AIFA is thrilled to announce its partnership with Sanofi for the ‘wear a spot of red for World Allergy Week’ campaign this year (22-28 April 2018).
World Allergy Week is a global campaign of the World Allergy Organisation (WAO) which aims to raise awareness of the impact of allergy in our communities. 2018's focus area is Atopic Dermatitis/Eczema: An Itch that Rashes.
AIFA’s annual campaign sees supporters organise a ‘wear a spot of red’ activity to help raise awareness and funds to support research into allergy.
Sanofi is a global biopharmaceutical company focused on human health and dedicated to supporting people through their health challenges. "Sanofi is proud to support World Allergy Week, with this year’s focus on atopic dermatitis/eczema, a chronic inflammatory allergic disease. Occasions like World Allergy Week are important in raising awareness about this disease which can have devastating effects on patients’ quality of life."
Newborn screening for severe primary immunodeficiency diseases
Doctors are calling for newborn screening to be expanded to include testing for severe forms of primary immunodeficiency diseases, in particular severe combined immunodeficiency or SCID, which, if detected early enough, can be cured by a bone marrow or stem cell transplant.
According to doctors, testing for SCID would significantly improve or even save the lives of affected children.
At present, newborn babies are screened for SCID in New Zealand, most states in the US and many countries throughout Europe, the Middle East and Asia. Doctors hope that Australia will soon follow suit.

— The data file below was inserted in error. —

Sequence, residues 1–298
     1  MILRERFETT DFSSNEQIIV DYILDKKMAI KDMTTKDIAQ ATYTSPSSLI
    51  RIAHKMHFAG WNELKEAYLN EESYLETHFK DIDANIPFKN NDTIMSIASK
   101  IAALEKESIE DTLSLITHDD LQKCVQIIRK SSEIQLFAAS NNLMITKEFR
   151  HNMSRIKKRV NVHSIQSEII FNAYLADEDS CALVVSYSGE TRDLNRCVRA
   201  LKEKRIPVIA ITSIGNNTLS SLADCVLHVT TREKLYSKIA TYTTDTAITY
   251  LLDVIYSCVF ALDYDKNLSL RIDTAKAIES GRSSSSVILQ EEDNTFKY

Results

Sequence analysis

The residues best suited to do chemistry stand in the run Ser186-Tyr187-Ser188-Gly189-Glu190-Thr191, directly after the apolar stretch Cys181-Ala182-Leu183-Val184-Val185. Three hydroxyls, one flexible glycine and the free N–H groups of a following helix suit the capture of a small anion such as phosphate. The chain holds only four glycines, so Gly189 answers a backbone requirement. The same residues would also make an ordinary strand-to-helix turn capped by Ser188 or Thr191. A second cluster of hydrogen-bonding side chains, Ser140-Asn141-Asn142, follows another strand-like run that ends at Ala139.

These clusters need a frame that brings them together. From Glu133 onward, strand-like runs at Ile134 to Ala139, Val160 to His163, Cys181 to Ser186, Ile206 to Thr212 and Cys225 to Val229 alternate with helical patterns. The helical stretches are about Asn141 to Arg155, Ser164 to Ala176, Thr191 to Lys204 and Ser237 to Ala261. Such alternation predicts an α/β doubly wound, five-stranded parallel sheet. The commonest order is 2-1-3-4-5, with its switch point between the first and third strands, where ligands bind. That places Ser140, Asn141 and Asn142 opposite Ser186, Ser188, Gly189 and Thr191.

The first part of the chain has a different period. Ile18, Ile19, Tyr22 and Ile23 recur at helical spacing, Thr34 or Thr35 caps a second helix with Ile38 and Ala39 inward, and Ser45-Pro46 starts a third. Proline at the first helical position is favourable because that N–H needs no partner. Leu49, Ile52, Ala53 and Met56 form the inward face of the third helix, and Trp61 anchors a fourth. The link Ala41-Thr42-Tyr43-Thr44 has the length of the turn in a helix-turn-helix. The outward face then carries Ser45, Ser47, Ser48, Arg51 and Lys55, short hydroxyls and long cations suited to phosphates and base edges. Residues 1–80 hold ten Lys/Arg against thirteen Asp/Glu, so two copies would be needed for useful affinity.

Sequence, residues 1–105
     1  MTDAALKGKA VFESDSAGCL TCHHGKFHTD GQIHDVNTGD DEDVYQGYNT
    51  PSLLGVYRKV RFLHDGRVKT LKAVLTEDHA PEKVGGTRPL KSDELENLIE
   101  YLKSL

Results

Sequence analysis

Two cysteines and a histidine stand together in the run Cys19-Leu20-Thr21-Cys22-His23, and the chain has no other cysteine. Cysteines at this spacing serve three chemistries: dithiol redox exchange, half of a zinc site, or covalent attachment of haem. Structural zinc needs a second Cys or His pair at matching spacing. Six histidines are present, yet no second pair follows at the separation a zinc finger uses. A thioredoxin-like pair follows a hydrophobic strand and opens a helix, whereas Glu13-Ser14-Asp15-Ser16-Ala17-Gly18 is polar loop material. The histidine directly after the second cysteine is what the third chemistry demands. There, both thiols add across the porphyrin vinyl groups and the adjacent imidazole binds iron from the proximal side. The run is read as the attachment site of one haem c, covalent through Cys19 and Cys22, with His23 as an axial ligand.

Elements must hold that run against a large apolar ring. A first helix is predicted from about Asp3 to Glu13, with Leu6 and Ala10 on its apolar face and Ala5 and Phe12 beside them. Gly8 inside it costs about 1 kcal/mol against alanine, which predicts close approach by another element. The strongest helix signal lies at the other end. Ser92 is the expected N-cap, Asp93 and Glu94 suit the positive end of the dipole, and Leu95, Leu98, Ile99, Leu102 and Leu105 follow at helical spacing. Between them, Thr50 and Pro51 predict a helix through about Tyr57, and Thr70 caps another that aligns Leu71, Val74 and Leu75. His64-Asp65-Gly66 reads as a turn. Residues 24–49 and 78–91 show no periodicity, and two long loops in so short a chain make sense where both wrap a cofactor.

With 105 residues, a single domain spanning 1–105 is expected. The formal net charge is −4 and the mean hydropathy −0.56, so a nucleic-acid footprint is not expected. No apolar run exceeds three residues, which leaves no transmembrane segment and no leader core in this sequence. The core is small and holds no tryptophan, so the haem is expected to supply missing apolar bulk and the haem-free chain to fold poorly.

This provides one convenient location to see the full range of research supported since 2004.
These research projects cover a wide range of issues in the area of allergy and other immune diseases.
Over the coming months, we hope to provide updates on as many of these projects as possible.
2017 AIFA grant project receives NHMRC funding
We are proud to announce that the 2017 AIFA grant recipient project “A new approach to overcome a childhood autoinflammatory disease” led by Dr Marcia Munoz of the Garvan Institute of Medical Research has received further funding from the National Health & Medical Research Council. This 3-year, $750,000 grant will be a huge boost for this project which could lead to a new treatment for mevalonate kinase deficiency or MKD.
MKD is a lifelong autoinflammatory disease that usually appears in infancy. It is characterised by regular episodes of fever often accompanied by rashes, headaches, joint pain, swollen lymph nodes, vomiting and diarrhea. Current treatments require regular injections, which are expensive, ineffective in many patients, and do not reverse all of the symptoms. New treatments would be a major improvement and have the potential to greatly improve the lives of sufferers.
Congratulations to the team at the Garvan, we look forward to seeing this important project progress.
AIFA Grant submission reminder
AIFA's 2018 research grant EOIs are due 6 April.
There is up to $30,000 in funding available, and applicants need to be associated with a non-profit institution in Australia or New Zealand with the facilities to carry out the research detailed in the application. Previously funded projects include Jack Jumper Ant allergy treatment, understanding FPIES and the AusPollen project.
Allergy and Immunology Foundation of Australasia (AIFA) email@example.com Suite 238, 117 Old Pittwater Road, Brookvale NSW 2100 PO Box 450 Balgowlah NSW 2093 Australia Registered as a charity ABN: 45 615 521 452 All donations are tax deductible
AIFA aims to improve the health of people with allergy and other immune diseases by funding medical research